The Hard Thing About Hard Things


Famed investor and entrepreneur Ben Horowitz brings us through his personal accounts of the stresses and euphorias experienced while building a successful business

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Key Takeaways
  1. There is no recipe to reach your goals. That is what makes your goals difficult
  2. No shortcuts to knowledge
  3. Aim to have different groups of friends as this helps you gain new, broader perspectives
  4. Impossible to do everything so make sure you set and stick to your priorities
  5. Imagine what the best version of you would do in any given situation and act accordingly
  6. When raising money privately, look for a market of one
  7. Need two types of friends - those you call with good news and are genuinely excited for you and those you call when all hell breaks loose
  8. "If you're going to eat shit, don't nibble"
  9. Set artificial deadlines to push yourself and your team and keep people focused
  10. Conventional wisdom has nothing to do with the truth
  11. Consistently ask, "What am I not doing?"
  12. CEOs should not play the odds - simply do whatever it takes
  13. Must be able to make the best decision even if all your options are terrible
  14. As terrible as the struggle seems in the moment, that's where greatness comes from
  15. As a CEO, don't be overly optimistic, be real and trust others
  16. Nobody takes the bad news worse than the CEO
  17. Right way to lay off people - focus on the future, don't delay, be clear about why they're being fired, train managers as they should be the one's firing their people, address the company (more for those staying than leaving), be visible and present (show you care)
  18. If need to fire/demote a friend, understand that you need to take the action which is best for the company (be decisive, admit reality, acknowledge contributions)
  19. You must not fool yourself and you are the easiest to fool
  20. Often there will be no silver bullet - simply need to bunker down and work through the problem
  21. Hire for strength rather than lack of weakness
  22. Take care of the people, the products and the profits - in that order
  23. Can't just tell people what to do, but more importantly why
  24. Training employees extremely important - productivity, performance management, product quality, employee retention
  25. People tend to quit because they hate their manager or aren't learning anything
  26. Training your people might be the most important thing you do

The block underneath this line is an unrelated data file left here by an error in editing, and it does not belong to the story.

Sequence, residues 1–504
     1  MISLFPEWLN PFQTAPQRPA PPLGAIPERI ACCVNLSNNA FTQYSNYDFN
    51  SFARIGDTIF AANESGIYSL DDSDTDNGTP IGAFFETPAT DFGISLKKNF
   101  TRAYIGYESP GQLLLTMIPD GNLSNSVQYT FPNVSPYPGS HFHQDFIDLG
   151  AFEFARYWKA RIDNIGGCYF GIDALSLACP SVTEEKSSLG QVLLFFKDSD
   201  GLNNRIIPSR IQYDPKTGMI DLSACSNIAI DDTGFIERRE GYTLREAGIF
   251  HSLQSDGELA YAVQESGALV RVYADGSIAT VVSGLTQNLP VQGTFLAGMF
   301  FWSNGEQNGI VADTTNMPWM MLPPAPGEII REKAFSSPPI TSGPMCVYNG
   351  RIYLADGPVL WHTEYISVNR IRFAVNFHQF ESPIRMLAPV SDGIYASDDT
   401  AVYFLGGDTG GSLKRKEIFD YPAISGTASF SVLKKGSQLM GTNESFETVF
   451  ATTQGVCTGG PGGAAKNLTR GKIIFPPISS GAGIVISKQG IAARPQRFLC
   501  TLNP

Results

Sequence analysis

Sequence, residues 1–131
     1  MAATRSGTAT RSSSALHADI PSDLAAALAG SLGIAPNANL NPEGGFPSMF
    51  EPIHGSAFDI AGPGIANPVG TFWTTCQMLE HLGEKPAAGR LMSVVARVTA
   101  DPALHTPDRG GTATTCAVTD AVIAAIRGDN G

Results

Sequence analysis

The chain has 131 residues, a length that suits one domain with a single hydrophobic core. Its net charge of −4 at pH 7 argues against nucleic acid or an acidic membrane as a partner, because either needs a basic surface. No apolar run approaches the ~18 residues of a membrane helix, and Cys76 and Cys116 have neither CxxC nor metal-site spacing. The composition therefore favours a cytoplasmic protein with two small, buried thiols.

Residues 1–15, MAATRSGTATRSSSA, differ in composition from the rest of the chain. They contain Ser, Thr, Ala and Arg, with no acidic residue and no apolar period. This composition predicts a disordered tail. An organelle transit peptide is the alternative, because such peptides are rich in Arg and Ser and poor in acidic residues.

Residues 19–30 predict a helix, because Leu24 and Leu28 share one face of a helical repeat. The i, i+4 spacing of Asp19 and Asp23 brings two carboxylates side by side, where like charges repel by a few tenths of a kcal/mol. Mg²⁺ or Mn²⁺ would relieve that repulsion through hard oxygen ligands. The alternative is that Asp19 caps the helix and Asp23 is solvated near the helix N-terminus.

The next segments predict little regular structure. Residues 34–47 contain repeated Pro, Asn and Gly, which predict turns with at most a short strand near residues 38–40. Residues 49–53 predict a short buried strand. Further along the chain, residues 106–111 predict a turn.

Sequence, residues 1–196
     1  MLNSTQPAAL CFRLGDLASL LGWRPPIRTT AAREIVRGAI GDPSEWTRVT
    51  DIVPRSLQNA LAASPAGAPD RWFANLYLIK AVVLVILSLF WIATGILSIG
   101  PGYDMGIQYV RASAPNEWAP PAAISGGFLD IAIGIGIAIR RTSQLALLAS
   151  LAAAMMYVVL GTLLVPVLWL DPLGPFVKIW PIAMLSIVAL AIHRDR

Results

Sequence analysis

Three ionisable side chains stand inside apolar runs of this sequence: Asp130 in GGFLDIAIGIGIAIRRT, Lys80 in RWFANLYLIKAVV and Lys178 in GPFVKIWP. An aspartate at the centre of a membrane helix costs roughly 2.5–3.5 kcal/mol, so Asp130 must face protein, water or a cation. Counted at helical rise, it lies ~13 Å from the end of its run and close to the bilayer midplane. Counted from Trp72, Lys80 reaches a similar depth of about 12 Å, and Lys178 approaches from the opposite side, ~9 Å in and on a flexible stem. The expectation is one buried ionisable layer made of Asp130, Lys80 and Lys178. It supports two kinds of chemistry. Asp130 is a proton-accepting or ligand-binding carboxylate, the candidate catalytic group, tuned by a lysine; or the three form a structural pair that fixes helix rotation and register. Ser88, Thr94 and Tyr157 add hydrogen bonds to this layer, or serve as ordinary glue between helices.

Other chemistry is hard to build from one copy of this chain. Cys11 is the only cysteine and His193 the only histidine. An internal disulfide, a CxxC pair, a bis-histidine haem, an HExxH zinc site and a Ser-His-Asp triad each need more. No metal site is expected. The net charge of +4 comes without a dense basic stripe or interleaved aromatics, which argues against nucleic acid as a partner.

27. Make training mandatory
  28. Bringing big executives into a startup role isn't easy as its a different rhythm and skill set even if they're focusing on similar things
  29. Sometimes an organization doesn't need a solution, simply clarity
  30. Have strict processes in place to avoid political behavior (compensation, promotion, territory, etc.)
  31. No matter how good/talented, smart heretics, flakes and jerks are not worth hiring
  32. If you are launching a tech product, it must be 10x better than the competition as it must take the market
  33. Get a mentor and hire those with experience
  34. Being a CEO is so difficult because there is no way to prepare for it - must learn many of these skills while on the job
  35. Focus on what you need to get right, not what you've done or might do wrong
  36. As CEO, don't take thigns too personally but also beware of not taking things personally enough
  37. The most difficult skill the CEO must master is their own psychology
  38. As an investor, look for brilliance and courage in your CEOs
  39. Generally, there are two types of CEOs - decision makers and those who enjoy making the company run well
  40. Important to get people to follow you - ability to articulate the vision, having the right kind of ambition and the ability to achieve the vision
  41. Peacetime CEOs need a different mentality and skill set than war time CEOs - most people have a hard time being successful as both
  42. Watered down feedback can be worse than none at all
  43. Try to see things from people's perspectives
  44. Embrace the struggle
What I got out of it
  1. Very interesting read and especially useful if you are currently or soon to be "in the trenches" of your start up and need some guidance on how to handle some common situations

Read The Hard Thing About Hard Things

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